The Evening Standard, a newspaper in London, the city with perhaps the most surveillance cameras per square
mile kilometer than anywhere else, is reporting that even the government there admits that the cameras don’t reduce crime. The only exception they found was for cameras in parking lots. But the cameras on public streets, the ones that were supposed to eliminate crime in central London, aren’t doing that. All they do is infringe people’s privacy without conferring any countervailing benefit.
Closed circuit TV systems are of little use in the fight against crime, a surprise government report claims today.
Home Office researchers who studied 14 schemes across Britain found that only one had brought a clear fall in the local crime rate.
The findings come as a blow to the Home Office, which has trumpeted CCTV as a key crime-fighting weapon for the past 10 years.
The report’s author, Professor Martin Gill of the University of Leicester, said: “For supporters these findings are disappointing. For the most part CCTV did not produce reductions in crime and did not make people feel safer.”
Note that they not only did not reduce crime, but they “did not make people feel safer.” I guess according to professor Gill, if they did not reduce crime, but fooled people into feeling safer, that would be better than doing neither.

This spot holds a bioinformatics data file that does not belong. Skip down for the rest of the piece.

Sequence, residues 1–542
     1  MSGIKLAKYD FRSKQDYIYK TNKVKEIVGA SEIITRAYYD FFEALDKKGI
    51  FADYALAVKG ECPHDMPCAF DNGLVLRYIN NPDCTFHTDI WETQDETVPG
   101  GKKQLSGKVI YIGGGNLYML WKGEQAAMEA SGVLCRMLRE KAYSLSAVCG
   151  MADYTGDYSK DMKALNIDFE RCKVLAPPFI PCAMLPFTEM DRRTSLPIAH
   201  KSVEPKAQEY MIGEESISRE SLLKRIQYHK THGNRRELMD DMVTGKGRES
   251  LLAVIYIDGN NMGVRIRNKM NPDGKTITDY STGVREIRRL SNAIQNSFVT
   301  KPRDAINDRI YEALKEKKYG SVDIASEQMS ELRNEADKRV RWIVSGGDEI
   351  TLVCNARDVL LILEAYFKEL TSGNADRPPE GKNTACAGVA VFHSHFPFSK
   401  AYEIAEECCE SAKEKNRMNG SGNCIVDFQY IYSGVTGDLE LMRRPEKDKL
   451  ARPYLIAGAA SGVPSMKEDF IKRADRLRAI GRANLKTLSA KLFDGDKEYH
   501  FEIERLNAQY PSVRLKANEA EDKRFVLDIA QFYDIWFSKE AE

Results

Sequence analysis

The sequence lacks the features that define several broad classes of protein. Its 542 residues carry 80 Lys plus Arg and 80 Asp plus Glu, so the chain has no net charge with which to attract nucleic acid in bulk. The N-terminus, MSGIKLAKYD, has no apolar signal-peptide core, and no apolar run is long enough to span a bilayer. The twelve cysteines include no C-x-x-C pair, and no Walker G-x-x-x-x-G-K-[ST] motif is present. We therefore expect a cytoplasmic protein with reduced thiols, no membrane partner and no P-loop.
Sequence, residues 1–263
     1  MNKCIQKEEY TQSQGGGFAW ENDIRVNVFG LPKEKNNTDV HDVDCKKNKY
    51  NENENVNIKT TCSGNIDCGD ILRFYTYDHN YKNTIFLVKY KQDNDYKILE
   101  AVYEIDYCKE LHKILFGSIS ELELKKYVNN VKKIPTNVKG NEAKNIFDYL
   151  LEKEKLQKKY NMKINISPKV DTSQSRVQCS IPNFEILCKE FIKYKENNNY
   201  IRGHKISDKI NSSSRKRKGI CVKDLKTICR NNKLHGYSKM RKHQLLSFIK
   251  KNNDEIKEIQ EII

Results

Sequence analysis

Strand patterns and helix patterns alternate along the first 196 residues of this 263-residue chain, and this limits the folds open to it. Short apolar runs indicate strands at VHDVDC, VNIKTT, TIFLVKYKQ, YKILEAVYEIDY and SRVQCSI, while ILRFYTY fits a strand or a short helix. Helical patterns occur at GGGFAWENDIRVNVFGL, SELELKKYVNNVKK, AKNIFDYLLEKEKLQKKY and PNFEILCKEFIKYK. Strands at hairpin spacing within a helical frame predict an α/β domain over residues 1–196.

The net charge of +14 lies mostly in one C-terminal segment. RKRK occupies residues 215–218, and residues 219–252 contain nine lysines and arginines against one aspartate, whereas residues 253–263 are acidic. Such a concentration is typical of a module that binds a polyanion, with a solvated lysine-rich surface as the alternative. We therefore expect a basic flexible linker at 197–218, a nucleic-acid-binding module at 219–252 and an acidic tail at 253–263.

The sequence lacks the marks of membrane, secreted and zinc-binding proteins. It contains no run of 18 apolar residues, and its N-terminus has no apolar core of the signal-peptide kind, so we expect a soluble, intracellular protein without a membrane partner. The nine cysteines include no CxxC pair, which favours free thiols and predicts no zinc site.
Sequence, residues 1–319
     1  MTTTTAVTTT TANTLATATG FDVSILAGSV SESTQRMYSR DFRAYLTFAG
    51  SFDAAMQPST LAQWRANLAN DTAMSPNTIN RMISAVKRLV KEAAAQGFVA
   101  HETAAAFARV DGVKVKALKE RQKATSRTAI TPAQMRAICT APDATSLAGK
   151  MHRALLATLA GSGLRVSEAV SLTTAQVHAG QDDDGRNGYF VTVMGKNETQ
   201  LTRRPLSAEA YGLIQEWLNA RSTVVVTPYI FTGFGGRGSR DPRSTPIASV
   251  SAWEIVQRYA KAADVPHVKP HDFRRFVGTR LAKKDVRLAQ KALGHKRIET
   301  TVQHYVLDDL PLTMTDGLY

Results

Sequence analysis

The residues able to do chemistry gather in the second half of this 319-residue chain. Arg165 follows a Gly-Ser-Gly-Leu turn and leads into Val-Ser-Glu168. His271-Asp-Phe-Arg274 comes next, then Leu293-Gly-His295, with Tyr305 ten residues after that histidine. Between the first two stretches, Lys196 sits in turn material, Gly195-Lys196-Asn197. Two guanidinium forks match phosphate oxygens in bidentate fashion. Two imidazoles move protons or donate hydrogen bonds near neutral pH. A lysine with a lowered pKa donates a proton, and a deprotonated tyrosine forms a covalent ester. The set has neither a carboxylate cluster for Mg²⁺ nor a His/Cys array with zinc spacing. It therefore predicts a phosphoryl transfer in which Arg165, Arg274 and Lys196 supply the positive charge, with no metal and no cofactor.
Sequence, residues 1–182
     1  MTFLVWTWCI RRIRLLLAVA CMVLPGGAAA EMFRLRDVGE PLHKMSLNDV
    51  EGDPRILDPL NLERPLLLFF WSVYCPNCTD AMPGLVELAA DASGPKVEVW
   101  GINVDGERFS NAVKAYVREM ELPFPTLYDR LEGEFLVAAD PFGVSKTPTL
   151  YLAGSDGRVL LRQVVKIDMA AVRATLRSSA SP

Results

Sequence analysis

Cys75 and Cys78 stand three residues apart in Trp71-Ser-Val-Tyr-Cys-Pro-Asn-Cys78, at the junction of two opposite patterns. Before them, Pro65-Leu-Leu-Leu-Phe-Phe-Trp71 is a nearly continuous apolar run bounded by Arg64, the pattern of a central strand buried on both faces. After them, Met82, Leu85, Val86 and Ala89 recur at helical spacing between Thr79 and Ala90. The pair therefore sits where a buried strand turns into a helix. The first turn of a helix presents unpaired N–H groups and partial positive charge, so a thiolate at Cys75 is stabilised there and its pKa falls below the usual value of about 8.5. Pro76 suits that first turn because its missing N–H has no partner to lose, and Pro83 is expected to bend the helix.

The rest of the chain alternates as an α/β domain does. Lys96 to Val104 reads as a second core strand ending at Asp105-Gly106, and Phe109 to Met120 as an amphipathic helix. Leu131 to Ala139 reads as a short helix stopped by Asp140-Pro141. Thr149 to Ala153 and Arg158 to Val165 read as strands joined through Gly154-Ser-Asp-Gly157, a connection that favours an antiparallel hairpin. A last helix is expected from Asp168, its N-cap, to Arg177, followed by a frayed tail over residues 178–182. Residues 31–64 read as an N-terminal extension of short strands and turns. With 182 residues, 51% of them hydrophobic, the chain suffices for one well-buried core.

I find the emphasis on “feeling safer” very disturbing — the implication is that “feeling safer” is a benefit separate and distinct from “being safer,” and that it is a good thing to at least make people feel safer even if we can’t make them actually safer. This is not only wrong, it’s backwards — if you feel safer than you are, you are likely to take actions that make you even less safe. If you feel too safe in a car, you may not wear your seatbelt, which makes you less safe than you would be if you felt a bit unsafe and wore it. Likewise, if you feel more safe from crime than you really are, you might not take precautions that are actually justified given the actual level of safety you have.
The goal ought to be to make people actually safer, and have them feel exactly as safe as they are, no more and no less. (You don’t want people to feel too unsafe either, because then they will wastefully take unnecessary precautions.)
The article ended with the following curious statement:
On the plus side, only one in six people objected to CCTV on civil liberties grounds.
Well, there’s unbiased journalism for you! How would they feel about someone writring this: “On the plus side, only one in six people objected to censorship of the press on civil liberties grounds.”
I rather think it’s on the minus side, that so few people think that centralized surveillance in the tradition of 1984 is objectionable on civil liberties grounds.